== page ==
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Twitter's experiments pay off as user numbers grow

More people are flocking to the site on a daily basis.

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Twitter reported its second-quarter earnings on Friday before the market opened. 

James Martin/CNET

Twitter isn't afraid of change. It constantly tests new features and has rolled out a revamped desktop site and a Olympics partnership this month alone.

All the experimentation appears to be worth the effort.

On Friday, Twitter said 139 million people logged into the app every day in the second quarter. That's up from the 134 million daily active users the company had in the first quarter. Twitter stopped reporting monthly active users in April. 

The new results suggest Twitter is making progress in efforts to attract and retain users, something it's struggled with in the past. Despite its popularity with celebrities, public figures and politicians, including President Donald Trump, the social network is smaller than its competitors. By comparison, Facebook has 1.59 billion daily active users

Twitter sees some of its biggest traffic during live events, such as award shows, sport games and television shows, when people gather on the site to tweet in real time. Twitter is trying to lean into that popularity. On Thursday, the company said it inked a deal with NBCUniversal to broadcast content about the 2020 Olympic Games in Tokyo

Still, navigating the flood of tweets can be confusing and the site can be filled with toxic harassment. With the help of its users, Twitter has been testing new features, such as adding color to replies and a tool to hide replies to tweets, to address some of those problems.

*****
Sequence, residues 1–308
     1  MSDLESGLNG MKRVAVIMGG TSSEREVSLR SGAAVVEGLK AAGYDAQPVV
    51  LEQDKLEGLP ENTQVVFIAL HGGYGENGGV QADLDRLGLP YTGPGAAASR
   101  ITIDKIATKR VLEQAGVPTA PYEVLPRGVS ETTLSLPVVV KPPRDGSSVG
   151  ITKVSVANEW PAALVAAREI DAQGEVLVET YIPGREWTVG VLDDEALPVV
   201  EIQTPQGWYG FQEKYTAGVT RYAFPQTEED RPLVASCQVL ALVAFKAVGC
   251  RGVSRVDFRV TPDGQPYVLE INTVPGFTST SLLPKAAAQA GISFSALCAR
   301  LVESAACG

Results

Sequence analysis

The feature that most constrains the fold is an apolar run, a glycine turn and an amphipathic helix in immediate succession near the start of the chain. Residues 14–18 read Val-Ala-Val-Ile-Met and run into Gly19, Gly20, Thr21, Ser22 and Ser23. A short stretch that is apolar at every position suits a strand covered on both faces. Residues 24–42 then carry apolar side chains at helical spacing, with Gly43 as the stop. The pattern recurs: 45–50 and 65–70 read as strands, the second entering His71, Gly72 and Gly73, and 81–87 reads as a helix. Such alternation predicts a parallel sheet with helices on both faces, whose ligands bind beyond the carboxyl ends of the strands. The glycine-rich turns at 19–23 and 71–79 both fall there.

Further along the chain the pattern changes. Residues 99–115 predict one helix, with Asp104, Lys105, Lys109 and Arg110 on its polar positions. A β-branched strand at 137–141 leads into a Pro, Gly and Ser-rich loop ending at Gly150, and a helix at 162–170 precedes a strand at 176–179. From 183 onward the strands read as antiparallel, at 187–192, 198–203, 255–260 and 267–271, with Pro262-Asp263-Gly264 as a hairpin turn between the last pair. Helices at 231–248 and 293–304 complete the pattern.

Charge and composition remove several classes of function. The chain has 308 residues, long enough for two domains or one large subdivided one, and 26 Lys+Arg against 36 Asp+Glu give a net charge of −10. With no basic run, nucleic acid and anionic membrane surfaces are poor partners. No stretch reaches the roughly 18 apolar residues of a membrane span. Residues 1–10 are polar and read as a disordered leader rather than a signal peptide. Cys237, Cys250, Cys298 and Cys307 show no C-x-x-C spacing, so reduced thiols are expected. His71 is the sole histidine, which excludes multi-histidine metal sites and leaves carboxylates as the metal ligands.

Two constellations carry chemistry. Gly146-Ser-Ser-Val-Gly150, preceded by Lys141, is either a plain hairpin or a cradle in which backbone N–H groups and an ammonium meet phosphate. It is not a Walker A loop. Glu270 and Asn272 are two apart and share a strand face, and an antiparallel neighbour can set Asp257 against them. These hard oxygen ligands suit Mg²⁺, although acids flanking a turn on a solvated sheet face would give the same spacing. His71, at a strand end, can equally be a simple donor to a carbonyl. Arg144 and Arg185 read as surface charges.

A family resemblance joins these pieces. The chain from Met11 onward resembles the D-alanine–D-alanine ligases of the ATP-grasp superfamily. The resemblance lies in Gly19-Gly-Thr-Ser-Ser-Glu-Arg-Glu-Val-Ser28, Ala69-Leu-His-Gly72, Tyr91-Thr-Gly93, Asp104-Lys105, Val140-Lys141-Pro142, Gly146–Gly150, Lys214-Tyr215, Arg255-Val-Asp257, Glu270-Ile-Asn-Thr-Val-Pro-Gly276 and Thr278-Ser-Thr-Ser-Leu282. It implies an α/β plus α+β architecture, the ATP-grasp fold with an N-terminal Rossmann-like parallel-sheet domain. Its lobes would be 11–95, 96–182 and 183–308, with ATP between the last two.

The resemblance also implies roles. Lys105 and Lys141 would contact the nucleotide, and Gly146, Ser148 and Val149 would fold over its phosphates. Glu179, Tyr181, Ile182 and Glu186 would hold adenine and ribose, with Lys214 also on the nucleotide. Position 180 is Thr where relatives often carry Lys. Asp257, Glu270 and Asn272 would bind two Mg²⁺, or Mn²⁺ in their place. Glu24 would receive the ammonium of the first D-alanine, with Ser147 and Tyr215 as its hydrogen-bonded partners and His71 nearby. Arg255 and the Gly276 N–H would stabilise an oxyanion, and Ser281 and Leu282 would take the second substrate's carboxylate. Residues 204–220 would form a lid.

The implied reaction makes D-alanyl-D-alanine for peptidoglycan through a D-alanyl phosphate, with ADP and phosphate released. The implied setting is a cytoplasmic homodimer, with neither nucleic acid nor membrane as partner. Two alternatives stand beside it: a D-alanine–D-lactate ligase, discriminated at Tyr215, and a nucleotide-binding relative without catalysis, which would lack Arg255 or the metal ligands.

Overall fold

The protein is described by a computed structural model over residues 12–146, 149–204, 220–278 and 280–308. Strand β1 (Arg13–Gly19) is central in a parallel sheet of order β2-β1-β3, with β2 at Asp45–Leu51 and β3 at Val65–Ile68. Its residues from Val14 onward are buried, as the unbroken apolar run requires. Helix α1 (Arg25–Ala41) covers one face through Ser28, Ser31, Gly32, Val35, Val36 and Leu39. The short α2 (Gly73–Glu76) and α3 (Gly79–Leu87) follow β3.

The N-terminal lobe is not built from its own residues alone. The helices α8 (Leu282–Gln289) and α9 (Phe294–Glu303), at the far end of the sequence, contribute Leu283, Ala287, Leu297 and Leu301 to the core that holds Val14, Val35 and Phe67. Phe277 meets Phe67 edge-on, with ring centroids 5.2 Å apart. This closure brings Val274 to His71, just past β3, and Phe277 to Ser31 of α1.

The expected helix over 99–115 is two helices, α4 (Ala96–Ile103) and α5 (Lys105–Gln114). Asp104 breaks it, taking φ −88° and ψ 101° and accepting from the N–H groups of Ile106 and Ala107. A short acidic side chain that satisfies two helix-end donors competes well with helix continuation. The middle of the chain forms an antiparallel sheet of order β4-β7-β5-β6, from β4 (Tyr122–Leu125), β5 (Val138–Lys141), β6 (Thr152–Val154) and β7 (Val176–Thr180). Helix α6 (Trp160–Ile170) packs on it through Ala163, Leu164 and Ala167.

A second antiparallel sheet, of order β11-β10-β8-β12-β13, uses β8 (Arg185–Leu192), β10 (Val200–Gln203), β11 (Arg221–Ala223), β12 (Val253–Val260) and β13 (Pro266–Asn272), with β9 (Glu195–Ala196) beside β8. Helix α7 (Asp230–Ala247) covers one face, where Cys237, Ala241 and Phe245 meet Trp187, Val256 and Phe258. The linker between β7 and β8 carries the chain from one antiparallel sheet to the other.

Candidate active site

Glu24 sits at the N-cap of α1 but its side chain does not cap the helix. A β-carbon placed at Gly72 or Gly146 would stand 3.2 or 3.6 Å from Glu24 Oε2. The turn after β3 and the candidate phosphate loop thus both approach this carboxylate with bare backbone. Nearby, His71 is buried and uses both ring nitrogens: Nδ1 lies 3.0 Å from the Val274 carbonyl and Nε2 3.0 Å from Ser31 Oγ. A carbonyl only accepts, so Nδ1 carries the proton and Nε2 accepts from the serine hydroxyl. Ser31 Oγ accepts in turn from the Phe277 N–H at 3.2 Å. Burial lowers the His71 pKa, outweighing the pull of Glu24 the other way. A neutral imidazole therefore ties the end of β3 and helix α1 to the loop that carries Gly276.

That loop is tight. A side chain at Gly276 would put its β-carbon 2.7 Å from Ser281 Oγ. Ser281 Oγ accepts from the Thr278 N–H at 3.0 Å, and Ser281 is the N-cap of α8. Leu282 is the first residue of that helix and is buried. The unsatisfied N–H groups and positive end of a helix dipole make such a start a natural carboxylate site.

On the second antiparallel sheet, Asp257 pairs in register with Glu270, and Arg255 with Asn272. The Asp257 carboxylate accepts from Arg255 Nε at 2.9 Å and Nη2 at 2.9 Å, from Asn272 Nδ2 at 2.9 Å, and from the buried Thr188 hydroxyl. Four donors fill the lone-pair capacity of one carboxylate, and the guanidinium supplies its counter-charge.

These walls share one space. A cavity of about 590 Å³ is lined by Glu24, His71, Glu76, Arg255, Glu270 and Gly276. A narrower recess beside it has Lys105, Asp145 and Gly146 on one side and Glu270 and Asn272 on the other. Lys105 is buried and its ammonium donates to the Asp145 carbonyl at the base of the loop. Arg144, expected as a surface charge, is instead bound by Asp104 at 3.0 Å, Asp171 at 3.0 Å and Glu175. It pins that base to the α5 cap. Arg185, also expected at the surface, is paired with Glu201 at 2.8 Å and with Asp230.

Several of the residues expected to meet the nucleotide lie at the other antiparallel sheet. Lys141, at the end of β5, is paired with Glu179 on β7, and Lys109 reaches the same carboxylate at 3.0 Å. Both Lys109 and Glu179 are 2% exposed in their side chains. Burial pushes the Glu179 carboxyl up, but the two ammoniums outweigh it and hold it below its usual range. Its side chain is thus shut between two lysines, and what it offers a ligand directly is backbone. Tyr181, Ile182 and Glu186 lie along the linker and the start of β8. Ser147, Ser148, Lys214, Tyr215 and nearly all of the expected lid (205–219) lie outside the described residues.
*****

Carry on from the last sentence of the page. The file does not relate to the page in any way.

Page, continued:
Look for those efforts to continue. On a conference call with analysts on Friday, CEO Jack Dorsey pointed to the ways Twitter's been trying to improve what users encounter and said the company will keep working on further refinements.

"We want to add a lot more controls within the timeline around relevance," he said. "What's most important for us is agility," or the ability for the company to "quickly experiment" and learn what's working and what's not.

A key part of that, Dorsey said, is an increased reliance on machine learning to deliver more relevant content.

"We'll be building more technology to address the problems" around behavior that violates Twitter's rules, he said. "Health [of the platform] is going to be an ongoing initiative for us."
 

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Twitter has also started labeling certain tweets that violate its rules but are important to the public interest. The practice, introduced in June, applies to politicians who are verified and have more than 100,000 followers. The company rolled the rule out as it balanced the calls to ban the president for hate speech and spreading misinformation with the complaints from Trump and other prominent Republicans that Twitter has censored conservative speech.

With the 2020 US elections approaching, Dorsey said that Twitter will work on a number of fronts: identifying forms of misinformation and manipulation, ensuring transparency around who's posting what and challenging suspicious behavior.

"The No. 1 priority within elections is making sure we're protecting the integrity of conversations," he said.

Twitter has been making other tweaks to its site. This month, the company rolled out a redesigned desktop site in an effort to make it easier to navigate. 

The social network reported $841 million in revenue, beating the $829.03 million that analysts surveyed by Thomson Reuters expected. Excluding both certain expenses and a significant tax benefit, the company earned 5 cents per share, compared with Wall Street's expectations of 19 cents per share.   

The company's stock jumped more than 6% to around $40.65 per share in premarket trading.

Originally published July 26 at 4:14 a.m. PT.
Update, 6:03 a.m.: Adds comments from Twitter's conference call with analysts.